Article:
Tuesday, November 17, 2009

The Work Goes On

It has been quite a busy few weeks. Last week, I had the opportunity to attend the annual meeting for the Livestrong Young Adult Alliance. NCCF was one of the founding organizations, and Dan always looked forward to these meetings. I think he just liked flirting with all the girls ;) This year was my first year going "on my own", and I was so happy to see friends that I've made over the past year. And the meetings are an incredible opportunity to learn and debate issues facing the young adult cancer community. Granted, I am always aware that even though I've seen a lot of cancer, I really have no idea about certain things because I've never had cancer. So I listen a lot ;)

November is also lung cancer awareness month. Although lung cancer isn't among the most prevalent types of cancer among young adults, there are a lot of parallels between the two communities. Both are somewhat ignored by researchers and funders. Both are incredibly isolated and orphaned. Some days I feel painfully aware of how far we have to go on both issues.

This past Sunday a group got together to attend a walk on the National Mall to support Lungevity, an organization focused on raising research funds for lung cancer. The walk was organized by Jerry Sorkin who is a stage IV lung cancer survivor still living with the disease every day. I met Jerry back in May when both of us when to the Hill to drum up support for lung cancer legislation. Jerry decided he wanted to do something during lung cancer awareness month. But there were no local DC walks or galas. None. So Jerry got a group together and organized the walk. Along the way, he also raised $250,000. Which is really amazing- just one person wanting to make a difference who inspired others to come together and well, just do something about lung cancer.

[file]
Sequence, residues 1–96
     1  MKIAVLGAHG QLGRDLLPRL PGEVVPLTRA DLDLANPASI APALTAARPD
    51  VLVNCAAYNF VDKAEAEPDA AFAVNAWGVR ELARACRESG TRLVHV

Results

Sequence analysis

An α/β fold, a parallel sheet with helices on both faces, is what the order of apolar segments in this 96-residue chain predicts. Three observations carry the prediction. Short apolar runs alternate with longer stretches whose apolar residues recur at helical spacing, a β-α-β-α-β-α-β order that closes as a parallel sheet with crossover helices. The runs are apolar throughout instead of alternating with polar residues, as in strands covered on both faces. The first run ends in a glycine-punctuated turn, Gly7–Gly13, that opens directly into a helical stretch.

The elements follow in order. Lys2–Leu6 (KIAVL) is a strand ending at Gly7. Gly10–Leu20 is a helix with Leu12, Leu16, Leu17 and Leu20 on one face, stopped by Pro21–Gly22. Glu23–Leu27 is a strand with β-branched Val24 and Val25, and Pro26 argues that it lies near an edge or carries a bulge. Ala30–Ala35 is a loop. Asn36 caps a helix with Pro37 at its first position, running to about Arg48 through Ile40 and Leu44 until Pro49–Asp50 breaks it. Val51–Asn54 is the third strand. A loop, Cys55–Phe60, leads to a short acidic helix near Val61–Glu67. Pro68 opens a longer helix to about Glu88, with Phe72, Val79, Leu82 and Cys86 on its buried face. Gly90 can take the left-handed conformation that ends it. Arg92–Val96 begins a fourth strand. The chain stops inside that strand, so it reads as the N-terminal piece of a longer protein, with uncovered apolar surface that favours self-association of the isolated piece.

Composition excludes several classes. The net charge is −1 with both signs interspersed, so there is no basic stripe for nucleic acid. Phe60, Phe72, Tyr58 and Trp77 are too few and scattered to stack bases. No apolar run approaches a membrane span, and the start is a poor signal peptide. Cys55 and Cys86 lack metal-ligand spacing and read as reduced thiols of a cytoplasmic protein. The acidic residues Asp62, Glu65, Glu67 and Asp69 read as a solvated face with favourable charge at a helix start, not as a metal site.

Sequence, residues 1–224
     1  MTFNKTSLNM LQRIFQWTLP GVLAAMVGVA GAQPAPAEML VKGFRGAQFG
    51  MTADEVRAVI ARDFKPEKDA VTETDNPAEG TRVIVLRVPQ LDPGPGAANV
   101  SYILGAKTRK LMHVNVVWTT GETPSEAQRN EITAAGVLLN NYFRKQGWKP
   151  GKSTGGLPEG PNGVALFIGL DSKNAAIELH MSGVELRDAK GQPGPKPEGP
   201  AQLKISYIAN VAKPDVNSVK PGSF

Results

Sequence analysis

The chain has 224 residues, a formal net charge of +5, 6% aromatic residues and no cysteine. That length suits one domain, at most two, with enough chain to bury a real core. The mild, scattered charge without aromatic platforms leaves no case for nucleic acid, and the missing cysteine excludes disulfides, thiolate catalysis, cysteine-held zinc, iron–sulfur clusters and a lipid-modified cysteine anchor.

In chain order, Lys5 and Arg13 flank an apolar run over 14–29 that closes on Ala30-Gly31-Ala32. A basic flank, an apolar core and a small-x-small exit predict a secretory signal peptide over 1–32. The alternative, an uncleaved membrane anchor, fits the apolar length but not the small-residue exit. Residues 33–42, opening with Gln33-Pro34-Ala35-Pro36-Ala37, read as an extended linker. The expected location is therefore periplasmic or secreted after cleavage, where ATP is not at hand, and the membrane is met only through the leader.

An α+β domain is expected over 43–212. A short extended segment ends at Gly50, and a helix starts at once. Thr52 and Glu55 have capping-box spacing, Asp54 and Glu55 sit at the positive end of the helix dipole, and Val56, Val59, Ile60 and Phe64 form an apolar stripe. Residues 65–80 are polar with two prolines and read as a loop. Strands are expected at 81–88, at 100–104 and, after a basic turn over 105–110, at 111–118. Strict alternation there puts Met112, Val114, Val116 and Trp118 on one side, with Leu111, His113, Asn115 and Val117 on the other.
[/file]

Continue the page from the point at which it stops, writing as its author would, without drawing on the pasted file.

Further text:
There were about 1200 people at the walk. Which, when you think of how many people show up for a typical Komen breast cancer walk, is pretty small. Especially when you consider that lung cancer kills more people that breast, prostrate, colorectal and pancreatic cancer- COMBINED. So why aren't there more walks and events? The reality of this disease is that there isn't an army of survivors. Most people who have lung cancer are diagnosed at a late stage and die within a very short time. Leaving families and friends behind to wonder what happened. And then there is the stigma. It absolutely sucks that every time someone hears what type of cancer Dan had, they ALWAYS ask if he smoked. I mean- he was 22 when he was diagnosed... People smoke and get all kinds of cancer, but the perception of lung cancer is that people bring it on themselves. Well, every person I know that has passed from this disease was a non-smoker. And even if Dan had smoked (which he never did), does that fact mean that losing him should be any easier?

So I am so glad we had the opportunity to do the walk. Thanks to everyone who came out and walked with me. Hopefully next year, it will double in size. And it was a good reminder to me that individuals can make a difference, not just organizations.


Anonymous said...

I'm glad the walk went well and I'm so sorry that I didn't make it. I will be there next year to support!

Hope to see you soon. Keep up the good fight.


Irene said...

I continue to be impressed with how much work you are putting into these activities.

Cicily said...

Thank you for all that you do. Cicily

Patrice said...


You rock--WAY TO GO!!!! Can't wait to hear about the Lance Armstrong Summit and see you next weekend for the Eagles vs Redskins!!! We have so much to catch up on--thinking of you lots-been super busy this month --crunch time for selling season on QVC. Love, Patrice

Sorkins said...

Meg -- You never cease to amaze me. Thanks for helping to make Breathe Deep DC a success. I am incredibly grateful for your contribution to our efforts and for rallying the "Waeger Will Win" team.

Have a good Thanksgiving